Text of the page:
Existential Threat?

By Hal Lindsey
From a biblical perspective, few things could be more dangerous for a nation than to facilitate an existential threat against Israel. “Existential threat” means a threat to the very existence of something. Reserve Brig. General Amir Avivi, Founder of the Israel Defense and Security Forum, recently called the expected restart of the Iran nuclear agreement a “future existential threat to Israel.”
According to the Bible, God will protect Israel from all “existential threats.” In that sense, I’m not concerned about Israel. It will survive. But I am concerned about the United States. Why would we make an agreement guaranteeing a nuclear Iran by 2031? Why would we do that to Israel? Why would we do it to the world, or to ourselves?
This does not mean that I condone everything Israel does, all the laws it passes, or leaders it elects. God said that He would first draw the Israeli people back to the Promised Land, and then He would bring about a miraculous change in their hearts. That national change of heart will happen in the last of the last days. As a nation today, they are no more God-fearing than the United States. But God promised to look after Israel even before their national transformation.
Those who dismiss the Bible’s perspective, should still understand the danger of renewing the Iran nuclear agreement. Iran’s ally, North Korea, has already shown its ability to build hydrogen bombs. It has also developed intercontinental ballistic missiles capable of reaching anywhere in the United States.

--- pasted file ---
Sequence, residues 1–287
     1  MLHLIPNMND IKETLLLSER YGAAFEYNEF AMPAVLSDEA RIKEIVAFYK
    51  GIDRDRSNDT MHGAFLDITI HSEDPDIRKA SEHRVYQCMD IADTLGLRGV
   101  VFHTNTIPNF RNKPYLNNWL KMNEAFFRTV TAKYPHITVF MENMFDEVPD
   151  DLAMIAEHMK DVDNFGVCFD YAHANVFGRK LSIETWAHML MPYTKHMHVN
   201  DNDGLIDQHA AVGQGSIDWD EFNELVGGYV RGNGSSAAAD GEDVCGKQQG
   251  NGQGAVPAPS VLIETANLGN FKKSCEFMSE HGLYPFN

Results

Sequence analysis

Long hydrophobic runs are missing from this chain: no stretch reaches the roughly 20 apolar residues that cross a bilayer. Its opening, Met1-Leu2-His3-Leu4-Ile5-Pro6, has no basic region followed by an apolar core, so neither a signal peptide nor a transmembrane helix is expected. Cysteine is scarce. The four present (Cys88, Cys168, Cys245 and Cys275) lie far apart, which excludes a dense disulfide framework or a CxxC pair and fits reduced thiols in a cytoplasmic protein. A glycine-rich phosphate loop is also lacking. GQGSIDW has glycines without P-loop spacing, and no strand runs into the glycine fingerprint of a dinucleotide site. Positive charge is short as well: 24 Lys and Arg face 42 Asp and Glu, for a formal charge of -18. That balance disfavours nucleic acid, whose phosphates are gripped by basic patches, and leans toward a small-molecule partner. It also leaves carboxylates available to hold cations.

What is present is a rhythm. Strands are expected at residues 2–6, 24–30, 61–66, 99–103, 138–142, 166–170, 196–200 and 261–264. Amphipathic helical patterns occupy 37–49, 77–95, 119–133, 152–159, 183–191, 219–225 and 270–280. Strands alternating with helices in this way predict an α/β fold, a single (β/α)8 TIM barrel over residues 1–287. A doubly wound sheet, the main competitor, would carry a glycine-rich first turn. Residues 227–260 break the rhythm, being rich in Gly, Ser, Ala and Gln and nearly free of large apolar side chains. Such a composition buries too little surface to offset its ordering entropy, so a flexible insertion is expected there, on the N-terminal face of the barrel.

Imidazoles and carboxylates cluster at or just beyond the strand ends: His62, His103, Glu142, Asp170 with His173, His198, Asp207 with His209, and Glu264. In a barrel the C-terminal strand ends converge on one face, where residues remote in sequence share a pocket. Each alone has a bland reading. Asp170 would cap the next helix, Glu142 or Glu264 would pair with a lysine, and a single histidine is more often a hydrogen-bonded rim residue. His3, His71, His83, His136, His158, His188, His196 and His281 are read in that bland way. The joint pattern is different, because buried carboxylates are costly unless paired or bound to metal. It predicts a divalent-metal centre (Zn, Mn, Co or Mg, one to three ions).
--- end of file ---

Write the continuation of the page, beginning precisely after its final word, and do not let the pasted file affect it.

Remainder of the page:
North Korea is a failed state. They have poured everything into a weapons technology whose use would mean their utter destruction. Because they do not want to commit national suicide, they are left with weapons having only one military use — bluff. But there is also an economic use. Such technology can be sold.
A renewal of the nuclear deal will give Iran vast amounts of money. That will allow them to increase their terror operations around the world. And, ironically, it will give them the means to buy the very technologies we do not want them to have. North Korea’s desperation makes it a ready seller.
At least nine nations have a stockpile of nuclear weapons. Fifty-nine other nations are known to have the material, means, and technology needed to build such weapons. Since their initial use in 1945, the nations have refrained from using them.
But Iran is different. It proclaims itself the “Islamic Republic of Iran.” Its Supreme Leader is a religious leader. The devotion he demands is a passionate, religious devotion. Iran sees itself in as part of a religious war where suicide bombers are the norm. While many faiths believe in coming judgment, Iran wants to push things along. In 2019, senior Iranian Ayatollah Mohammad Mehdi Mirbagheri said that in order for the Shia Muslim messiah to appear, “We must engage in widespread fighting with the West.”
The world needs Iran’s oil right now, but that need does not justify a nuclear-armed Iran. The Bible says that in the future, Iran will be one of the leaders of a major war against Israel. That war will not succeed because God will intervene on Israel’s behalf. But does the United States want to be one of the nations that helps arm Iran for such a war?
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